The roar and smell of the city came in through the open window. In the large square garden, people were sitting in the shade reading the news, the global gossip. Pigeons strutted about their feet looking for tidbits, and children were playing on the green lawns. The sun made beautiful shadows.
He was a reporter, quick and intelligent. He not only wanted an interview, but also wanted to discuss some of his own problems. When the interview for his newspaper was over, he talked of his career and what it was worth — not financially, but its significance in the world. He was a big man, clever, capable and confident. He was climbing rapidly in the newspaper world, and in it there was a future for him.
Our minds are stuffed with so much knowledge that it is almost impossible to experience directly. The experience of pleasure and pain is direct, individual; but the understanding of the experience is after the pattern of others, of the religious and social authorities.
We are the result of the thoughts and influences of others; we are conditioned by religious as well as political propaganda. The temple, church and mosque have a strange, shadowy influence in our lives, and political ideologies give apparent substance to our thought. We are made and destroyed by propaganda. Organised religions are first-rate propagandists, every means being used to persuade and then to hold.
We are a mass of confused responses, and our centre is as uncertain as the promised future. Mere words have an extraordinary significance for us; they have a neurological effect whose sensations are more important than what is beyond the symbol. The symbol, the image, the flag, the sound, are all-important; substitution, and not reality, is our strength.
We read about the experiences of others, we watch others play, we follow the example of others, we quote others. We are empty in ourselves and we try to fill this emptiness with words, sensations, hopes and imagination; but the emptiness continues.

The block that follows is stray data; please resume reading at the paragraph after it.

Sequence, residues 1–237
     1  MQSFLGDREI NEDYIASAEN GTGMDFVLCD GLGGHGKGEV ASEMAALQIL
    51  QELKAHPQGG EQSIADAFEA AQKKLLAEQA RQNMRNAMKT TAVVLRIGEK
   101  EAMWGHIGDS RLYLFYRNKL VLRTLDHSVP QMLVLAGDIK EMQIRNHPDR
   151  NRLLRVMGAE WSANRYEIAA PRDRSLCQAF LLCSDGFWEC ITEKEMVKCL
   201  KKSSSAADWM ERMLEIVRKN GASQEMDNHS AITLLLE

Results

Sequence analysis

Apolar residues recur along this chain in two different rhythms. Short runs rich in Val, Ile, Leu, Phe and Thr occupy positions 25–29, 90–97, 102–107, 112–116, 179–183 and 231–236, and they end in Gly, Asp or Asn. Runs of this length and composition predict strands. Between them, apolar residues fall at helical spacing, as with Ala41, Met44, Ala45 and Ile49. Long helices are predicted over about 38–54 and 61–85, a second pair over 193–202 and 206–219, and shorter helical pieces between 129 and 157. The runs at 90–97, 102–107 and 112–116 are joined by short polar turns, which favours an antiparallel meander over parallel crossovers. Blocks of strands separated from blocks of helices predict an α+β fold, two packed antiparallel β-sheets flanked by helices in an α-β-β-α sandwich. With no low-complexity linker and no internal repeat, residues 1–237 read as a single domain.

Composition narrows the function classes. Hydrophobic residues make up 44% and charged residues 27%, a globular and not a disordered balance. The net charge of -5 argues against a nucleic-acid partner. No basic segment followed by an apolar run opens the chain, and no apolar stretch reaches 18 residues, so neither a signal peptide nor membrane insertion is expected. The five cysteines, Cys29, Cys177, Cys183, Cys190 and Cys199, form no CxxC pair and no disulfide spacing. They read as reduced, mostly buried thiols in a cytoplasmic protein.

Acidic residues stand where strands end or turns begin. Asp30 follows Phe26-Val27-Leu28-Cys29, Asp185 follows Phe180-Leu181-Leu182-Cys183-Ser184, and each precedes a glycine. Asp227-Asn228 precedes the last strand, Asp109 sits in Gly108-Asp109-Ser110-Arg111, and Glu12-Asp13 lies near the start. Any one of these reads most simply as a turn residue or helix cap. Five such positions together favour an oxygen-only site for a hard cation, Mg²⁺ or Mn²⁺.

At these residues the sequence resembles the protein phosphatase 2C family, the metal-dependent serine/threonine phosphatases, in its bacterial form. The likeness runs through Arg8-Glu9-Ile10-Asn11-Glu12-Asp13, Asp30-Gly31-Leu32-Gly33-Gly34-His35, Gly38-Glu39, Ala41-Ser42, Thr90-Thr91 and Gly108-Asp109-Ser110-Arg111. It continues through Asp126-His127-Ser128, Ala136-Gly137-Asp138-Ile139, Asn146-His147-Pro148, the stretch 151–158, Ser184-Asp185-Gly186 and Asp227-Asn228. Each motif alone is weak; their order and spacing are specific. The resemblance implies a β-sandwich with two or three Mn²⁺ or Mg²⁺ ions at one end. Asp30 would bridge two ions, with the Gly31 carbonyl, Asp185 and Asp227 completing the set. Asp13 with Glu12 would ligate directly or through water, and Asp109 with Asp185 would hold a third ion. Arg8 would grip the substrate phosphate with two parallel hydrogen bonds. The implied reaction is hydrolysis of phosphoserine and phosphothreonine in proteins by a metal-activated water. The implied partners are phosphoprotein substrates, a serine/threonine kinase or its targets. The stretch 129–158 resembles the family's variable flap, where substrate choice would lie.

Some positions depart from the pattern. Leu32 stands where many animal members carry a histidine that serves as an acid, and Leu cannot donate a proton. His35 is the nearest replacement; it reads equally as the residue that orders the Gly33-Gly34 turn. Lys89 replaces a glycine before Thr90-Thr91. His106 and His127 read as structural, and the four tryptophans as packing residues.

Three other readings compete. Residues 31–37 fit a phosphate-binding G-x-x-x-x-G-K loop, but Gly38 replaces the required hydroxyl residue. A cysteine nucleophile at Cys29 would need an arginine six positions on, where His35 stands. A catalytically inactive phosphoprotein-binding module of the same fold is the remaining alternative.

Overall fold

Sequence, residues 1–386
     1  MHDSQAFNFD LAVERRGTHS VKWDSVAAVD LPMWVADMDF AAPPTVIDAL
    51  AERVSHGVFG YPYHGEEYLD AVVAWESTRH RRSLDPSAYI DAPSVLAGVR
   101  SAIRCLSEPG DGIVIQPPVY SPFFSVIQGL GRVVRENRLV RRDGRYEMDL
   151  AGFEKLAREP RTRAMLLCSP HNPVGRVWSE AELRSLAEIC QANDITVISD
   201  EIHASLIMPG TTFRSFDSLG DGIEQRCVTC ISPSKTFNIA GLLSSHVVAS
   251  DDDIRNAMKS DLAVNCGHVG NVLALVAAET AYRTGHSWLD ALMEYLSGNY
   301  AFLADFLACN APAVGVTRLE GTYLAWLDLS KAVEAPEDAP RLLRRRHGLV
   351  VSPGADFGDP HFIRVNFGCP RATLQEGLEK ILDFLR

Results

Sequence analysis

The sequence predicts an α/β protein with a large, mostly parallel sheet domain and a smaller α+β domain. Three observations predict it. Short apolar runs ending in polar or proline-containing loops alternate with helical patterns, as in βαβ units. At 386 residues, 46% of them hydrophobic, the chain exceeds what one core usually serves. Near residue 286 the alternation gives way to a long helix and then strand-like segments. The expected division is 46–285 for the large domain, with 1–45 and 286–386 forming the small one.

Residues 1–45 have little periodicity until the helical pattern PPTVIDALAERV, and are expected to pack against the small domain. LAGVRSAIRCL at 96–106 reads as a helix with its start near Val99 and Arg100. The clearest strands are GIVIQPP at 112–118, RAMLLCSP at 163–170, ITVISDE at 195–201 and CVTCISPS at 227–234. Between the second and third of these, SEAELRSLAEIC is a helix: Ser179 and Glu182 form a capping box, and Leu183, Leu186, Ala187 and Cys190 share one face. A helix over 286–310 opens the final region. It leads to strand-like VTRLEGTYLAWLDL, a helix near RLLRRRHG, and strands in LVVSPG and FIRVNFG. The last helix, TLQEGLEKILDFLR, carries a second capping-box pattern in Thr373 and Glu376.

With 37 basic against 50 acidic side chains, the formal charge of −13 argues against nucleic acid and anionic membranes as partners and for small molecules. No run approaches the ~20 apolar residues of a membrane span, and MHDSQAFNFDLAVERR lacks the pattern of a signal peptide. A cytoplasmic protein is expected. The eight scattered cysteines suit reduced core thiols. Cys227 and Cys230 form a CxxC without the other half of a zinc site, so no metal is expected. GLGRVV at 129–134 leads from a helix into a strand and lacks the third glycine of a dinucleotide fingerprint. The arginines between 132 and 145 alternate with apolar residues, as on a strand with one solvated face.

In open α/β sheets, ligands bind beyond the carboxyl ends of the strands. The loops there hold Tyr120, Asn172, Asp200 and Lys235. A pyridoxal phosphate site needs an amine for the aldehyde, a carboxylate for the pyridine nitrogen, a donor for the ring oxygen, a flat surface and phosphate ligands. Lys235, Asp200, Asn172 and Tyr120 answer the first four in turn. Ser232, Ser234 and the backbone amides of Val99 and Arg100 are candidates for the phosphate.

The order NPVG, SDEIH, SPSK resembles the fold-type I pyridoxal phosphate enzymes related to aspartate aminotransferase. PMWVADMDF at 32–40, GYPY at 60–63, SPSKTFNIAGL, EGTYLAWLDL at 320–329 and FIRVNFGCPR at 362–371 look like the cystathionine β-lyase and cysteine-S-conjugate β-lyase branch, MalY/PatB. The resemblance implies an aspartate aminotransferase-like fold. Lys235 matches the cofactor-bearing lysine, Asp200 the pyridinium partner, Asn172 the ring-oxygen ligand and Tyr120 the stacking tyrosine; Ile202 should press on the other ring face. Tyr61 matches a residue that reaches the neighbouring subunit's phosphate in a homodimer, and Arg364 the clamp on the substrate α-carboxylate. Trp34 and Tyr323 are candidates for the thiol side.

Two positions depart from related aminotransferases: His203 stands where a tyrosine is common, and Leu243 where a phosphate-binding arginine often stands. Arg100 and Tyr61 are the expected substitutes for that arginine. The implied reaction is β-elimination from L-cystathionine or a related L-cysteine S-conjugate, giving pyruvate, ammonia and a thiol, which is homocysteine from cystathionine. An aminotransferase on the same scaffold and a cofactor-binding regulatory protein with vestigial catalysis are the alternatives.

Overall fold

Repetition, with its sensations, however pleasant and noble, is not the state of experiencing; the constant repetition of a ritual, of a word, of a prayer, is a gratifying sensation to which a noble term is given. But experiencing is not sensation, and sensory response soon yields place to actuality. The actual, the ‘what is’, cannot be understood through mere sensation. The senses play a limited part, understanding or experiencing lies beyond and above the senses. Sensation becomes important only when experiencing ceases; then words are significant and symbols dominate. Experiencing is not a continuity; for what has continuity is sensation, at whatever level. The repetition of sensation gives the appearance of a fresh experience, but sensations can never be new. The search of the new does not lie in repetitive sensations. The new comes into being only when there is experiencing; and experiencing is possible only when the urge and the pursuit of sensation have ceased.
The desire for the repetition of an experience is the binding quality of sensation, and the enrichment of memory is the expansion of sensation. The desire for the repetition of an experience, whether your own or that of another, leads to insensitivity, to death.
Repetition of a truth is a lie. Truth cannot be repeated, it cannot be propagated or used. That which can be used and repeated has no life in itself, it is mechanical, static.
You may kill and deny truth first, and then use it; but it is no longer truth.
Experiencing can come only with the absence of the desire for sensation; the naming, the terming must cease. There is no thought process without verbalisation; and to be caught in verbalisation is to be a prisoner to the illusions of desire.
Excerpt from Commentaries on Living I